Posts tagged how to use a turkey carcass

Wring the Most Meals from Your Thanksgiving Turkey Carcass

Here's what's left after picking the meat off the bones:   broth, meaty pieces and bones.

Here’s what’s left after picking the meat off the bones: broth, meaty pieces and bones.

Thanksgiving is long gone of course, but the turkey lasts for many more days.  I love the traditional dinner and always make enough so we can repeat the feast several times before I have to get inventive and make a different meal.  We had turkey with trimmings for four days (when the gravy ran out) and pie for breakfast for another day or two after that.  We had turkey sandwiches with cranberry sauce for lunch for five days.  This may sound boring, but we both love real roast turkey (not those packaged, saline infused cold cuts) and making Thanksgiving dinner is enough of a job, I welcome the time off from cooking.


Turkey “Tetrazzini” with Brussels sprouts, cranberry sauce and carrot slaw

When the easily accessible meat has been used, there are still a few meals left in the carcass.  You only need to break it down to get at those morsels for soups and other dishes.  I have friends who put the carcass out for the crows and vultures, a very worthy action, but I am too much of a parsimonious Yankee to do that.  To break down the carcass, pull off the thigh bones and wings and put them into a large stockpot.  There is a natural joint at the base of the thigh that you can find by probing with a knife point, if it doesn’t come off easily.  (Push in the knife point and wiggle it around cutting the sinews that attach the joint until you can pull it loose.)  The body can be broken into two sections by cutting down through from the base of the ribs to the backbone, and if that isn’t small enough to fit in your stockpot, the carcass can be cut along the backbone, separating the “torso” and the “hips” into four pieces.  When all the pieces are in your stockpot fill to cover the bones with water and simmer it, covered, for about an hour.  Let it cool and separate the meat from the bones.  Set larger pieces of meat aside and save the smaller bits for soups.

When all was done, I had enough broth and turkey left over for four containers of turkey soup.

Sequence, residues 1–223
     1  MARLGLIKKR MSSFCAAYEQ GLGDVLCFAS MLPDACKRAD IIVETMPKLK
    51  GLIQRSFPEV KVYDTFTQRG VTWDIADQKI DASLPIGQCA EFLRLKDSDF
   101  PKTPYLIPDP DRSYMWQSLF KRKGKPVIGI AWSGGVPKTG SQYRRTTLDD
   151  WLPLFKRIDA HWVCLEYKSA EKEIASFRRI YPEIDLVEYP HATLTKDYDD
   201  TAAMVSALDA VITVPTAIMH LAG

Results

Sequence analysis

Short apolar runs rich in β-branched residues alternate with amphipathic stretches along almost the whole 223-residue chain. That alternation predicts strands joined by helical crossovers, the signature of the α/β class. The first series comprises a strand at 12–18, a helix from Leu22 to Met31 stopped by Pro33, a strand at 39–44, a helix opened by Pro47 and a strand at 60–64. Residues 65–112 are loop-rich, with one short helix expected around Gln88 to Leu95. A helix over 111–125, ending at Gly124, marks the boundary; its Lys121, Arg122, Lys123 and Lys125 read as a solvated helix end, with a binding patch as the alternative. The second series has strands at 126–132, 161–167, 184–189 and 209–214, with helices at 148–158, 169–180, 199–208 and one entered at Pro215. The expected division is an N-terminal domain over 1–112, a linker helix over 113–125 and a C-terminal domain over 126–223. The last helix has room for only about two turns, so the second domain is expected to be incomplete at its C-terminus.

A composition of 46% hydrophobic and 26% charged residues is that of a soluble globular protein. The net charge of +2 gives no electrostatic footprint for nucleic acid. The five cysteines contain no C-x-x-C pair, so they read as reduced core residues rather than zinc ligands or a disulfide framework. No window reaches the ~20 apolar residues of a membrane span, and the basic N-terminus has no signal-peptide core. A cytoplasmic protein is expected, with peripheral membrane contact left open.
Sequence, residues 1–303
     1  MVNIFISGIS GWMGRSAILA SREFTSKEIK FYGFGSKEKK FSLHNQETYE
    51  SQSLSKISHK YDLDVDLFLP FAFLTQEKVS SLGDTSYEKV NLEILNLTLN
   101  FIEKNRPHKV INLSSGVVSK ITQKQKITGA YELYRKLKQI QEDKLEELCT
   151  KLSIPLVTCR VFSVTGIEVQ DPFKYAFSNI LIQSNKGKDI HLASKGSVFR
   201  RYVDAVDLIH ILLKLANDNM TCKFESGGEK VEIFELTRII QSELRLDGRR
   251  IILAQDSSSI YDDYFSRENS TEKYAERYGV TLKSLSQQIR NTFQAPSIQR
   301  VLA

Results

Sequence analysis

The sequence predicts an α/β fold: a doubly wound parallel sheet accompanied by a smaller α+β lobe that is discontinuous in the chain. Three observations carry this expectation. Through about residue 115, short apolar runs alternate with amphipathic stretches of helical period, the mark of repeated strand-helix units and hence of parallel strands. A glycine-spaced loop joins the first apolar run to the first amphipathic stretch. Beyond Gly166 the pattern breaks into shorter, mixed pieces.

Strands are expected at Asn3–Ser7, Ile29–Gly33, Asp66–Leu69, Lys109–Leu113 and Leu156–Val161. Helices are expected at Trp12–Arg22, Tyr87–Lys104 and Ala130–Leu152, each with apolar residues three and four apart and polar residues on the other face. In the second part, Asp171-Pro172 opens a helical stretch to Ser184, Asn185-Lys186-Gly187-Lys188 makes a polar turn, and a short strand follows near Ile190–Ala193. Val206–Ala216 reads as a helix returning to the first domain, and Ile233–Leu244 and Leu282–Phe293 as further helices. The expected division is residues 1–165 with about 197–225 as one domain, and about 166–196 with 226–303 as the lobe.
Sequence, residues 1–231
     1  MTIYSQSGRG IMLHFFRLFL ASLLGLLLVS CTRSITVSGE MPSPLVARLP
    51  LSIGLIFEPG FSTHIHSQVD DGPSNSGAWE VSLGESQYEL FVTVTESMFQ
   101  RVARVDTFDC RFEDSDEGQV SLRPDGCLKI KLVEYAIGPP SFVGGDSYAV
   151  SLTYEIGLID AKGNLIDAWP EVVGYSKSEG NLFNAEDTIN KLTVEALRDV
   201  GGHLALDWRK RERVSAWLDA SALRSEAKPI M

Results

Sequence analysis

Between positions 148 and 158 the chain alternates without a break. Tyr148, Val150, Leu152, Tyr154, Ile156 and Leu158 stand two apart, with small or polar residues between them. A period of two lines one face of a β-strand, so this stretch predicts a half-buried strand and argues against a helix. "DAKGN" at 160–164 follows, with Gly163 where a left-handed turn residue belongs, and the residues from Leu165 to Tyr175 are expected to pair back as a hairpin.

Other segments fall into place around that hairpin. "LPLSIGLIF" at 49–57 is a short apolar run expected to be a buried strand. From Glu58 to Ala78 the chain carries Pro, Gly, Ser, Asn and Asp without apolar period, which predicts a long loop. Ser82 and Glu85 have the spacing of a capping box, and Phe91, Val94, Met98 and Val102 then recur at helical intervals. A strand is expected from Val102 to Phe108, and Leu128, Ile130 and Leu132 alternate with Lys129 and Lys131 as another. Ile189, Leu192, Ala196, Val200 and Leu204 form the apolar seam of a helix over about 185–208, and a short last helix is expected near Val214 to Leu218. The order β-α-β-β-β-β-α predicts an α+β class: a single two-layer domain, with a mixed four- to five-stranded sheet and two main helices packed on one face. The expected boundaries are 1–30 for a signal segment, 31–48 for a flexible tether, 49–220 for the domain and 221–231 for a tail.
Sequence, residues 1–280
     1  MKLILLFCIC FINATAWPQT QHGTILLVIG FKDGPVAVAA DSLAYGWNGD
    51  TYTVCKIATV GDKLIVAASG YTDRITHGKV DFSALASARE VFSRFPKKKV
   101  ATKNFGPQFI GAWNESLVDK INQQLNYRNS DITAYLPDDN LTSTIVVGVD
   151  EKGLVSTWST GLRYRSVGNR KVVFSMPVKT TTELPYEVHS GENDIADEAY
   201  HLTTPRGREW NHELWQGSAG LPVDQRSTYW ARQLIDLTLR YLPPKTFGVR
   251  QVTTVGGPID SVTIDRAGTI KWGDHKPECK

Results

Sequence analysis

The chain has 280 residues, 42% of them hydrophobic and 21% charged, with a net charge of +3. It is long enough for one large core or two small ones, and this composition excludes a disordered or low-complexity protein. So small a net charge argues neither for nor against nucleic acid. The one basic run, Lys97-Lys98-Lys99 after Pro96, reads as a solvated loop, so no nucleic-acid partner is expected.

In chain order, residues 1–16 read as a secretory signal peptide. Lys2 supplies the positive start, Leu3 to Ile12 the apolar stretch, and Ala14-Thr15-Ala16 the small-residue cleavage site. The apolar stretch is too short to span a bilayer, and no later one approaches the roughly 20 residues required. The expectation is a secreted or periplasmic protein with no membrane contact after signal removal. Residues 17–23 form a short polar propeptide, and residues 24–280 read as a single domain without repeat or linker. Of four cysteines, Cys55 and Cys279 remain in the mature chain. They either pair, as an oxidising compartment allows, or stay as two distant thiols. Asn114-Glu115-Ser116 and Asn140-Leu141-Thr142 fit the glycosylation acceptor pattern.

When all was done, I had enough broth and turkey left over for four containers of turkey soup.

It is amazing how much meat remains.  I had enough for two full meals and five containers of soup.  The first meal I made was Turkey “Tetrazzini,” a simplified version of the famous soprano’s chicken dish.  I sautéed onions, mushrooms and a little garlic together, added some of the reserved broth and some white wine, salt, pepper and herbs.  I reduced this to sauce consistency while boiling up some noodles, then added in some of the larger turkey pieces.  I like to add the noodles to the sauce and cook them together for a minute or two to marry the flavors.  The second meal was Turkey cacciatore style, which means “the way a hunter would make it.”  Presumably a hunter in the woods would be able to gather mushrooms for the sauce which also includes tomatoes, onions and garlic, etc.  I simplified this too, using some of the marinara sauce I canned this summer, adding more broth and reducing it after sauteing the mushrooms.   I added the turkey a couple of minutes before serving it over linguine.

For the soup, I used the remaining broth after straining it to be sure there were no bones.   Instead of thickening it with flour or something similar, I broke up leftover rolls and stuffing and used my hand blender to emulsify the broth after they had a chance to soften.  I then added salt & pepper, carrots, celery, onions, garlic and a parsnip.  For the starch I chose brown rice and I flavored it with herbs; parsley, sage and thyme.   We had it for lunch and I had four containers for the freezer.

Here's the Turkey Cacciatore, ready to serve.

Here’s the Turkey Cacciatore, ready to serve.


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